Do diet supplements help you lose weight Fat chance!
Study found few 'wonder pills' had randomised clinical trials to back up dietary claims
Weight loss: Impossible without reducing calories and exercising, says Professor Melinda Manore after studying a range of diet pills
Diet supplements advertised as amazing fat burners or craving quashers, should be treated with extreme skepticism, according to one nutrition expert.
The evidence used to support weight loss pills simply doesn't add up.
Professor Melinda Manore from Oregon State University studied the research used to support hundreds of diet pill claims.
She found nothing
that proved any single product was a 'wonder pill' causing significant
weight loss. In fact some even had detrimental health benefits.
'What people want is to lose weight and
maintain or increase lean tissue mass,' Prof Manore said.
'There is no
evidence that any one supplement does this. And some have side effects
ranging from the unpleasant, such as bloating and gas, to very serious
issues such as strokes and heart problems.'
Prof Manore looked at supplements that fell into
four categories: products such as chitosan (found in shellfish) that block absorption of fat
or carbohydrates, stimulants such as caffeine that increase
metabolism, products like conjugated linoleic acid that claim to
change the body composition and appetite suppressants
such as soluble fibres.
WEIGHT-LOSS TIPS FROM PROFESSOR MANORE
Don't leave the house in
the morning without having a plan for dinner. Spontaneous eating often
results in poorer food choices. If
you eat out, start your meal with a large salad with low-calorie
dressing or a broth-based soup. You are likely to eat less for your main.Find ways to keep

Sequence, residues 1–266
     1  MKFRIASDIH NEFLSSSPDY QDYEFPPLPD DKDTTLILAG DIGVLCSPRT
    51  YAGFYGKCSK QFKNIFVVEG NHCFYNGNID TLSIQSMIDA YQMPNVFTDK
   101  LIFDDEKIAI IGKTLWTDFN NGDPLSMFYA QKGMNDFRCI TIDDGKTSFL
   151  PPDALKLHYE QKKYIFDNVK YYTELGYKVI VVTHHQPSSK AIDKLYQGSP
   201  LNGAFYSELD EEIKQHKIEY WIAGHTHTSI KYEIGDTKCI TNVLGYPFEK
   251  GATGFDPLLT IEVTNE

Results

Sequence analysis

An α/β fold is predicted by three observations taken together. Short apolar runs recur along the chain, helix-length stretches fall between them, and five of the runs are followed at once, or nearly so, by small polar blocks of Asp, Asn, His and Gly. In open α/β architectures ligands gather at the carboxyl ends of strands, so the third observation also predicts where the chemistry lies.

moving, especially if you have a sedentary job, such as putting calls on speaker phone. Put
vegetables into every meal possible. Increase
your fibre – note that 'wet' fibre like cooked oatmeal is more filling than 'dry' fibre like crackers. Eat whole fruits and vegetables instead of drinking juicesEliminate processed foods – they are too easy to digest and absorb
She found that many products had no
randomised clinical trials examining their effectiveness, and most showed less than a two-pound weight loss benefit compared to the placebo
A few products, including green tea and low-fat dairy supplements were found to have a modest weight loss
benefit of 3-4 pounds but most
of these supplements were tested as part of a reduced calorie diet.
'For most people, unless you alter your diet and get daily exercise, no supplement is going to have a big impact', Professor Manore said.
As a dietician and researcher,
the professor said the key to weight loss is to eat whole grains, fruits,
vegetables and lean meats, reduce calorie intake of high-fat foods, and
to keep moving.
fibre, calcium, protein and drinking green tea can help,' she said.
'But none of these will have much effect unless you exercise and eat
fruits and vegetables.'
The study is online in the International Journal of Sport Nutrition and Exercise Metabolism.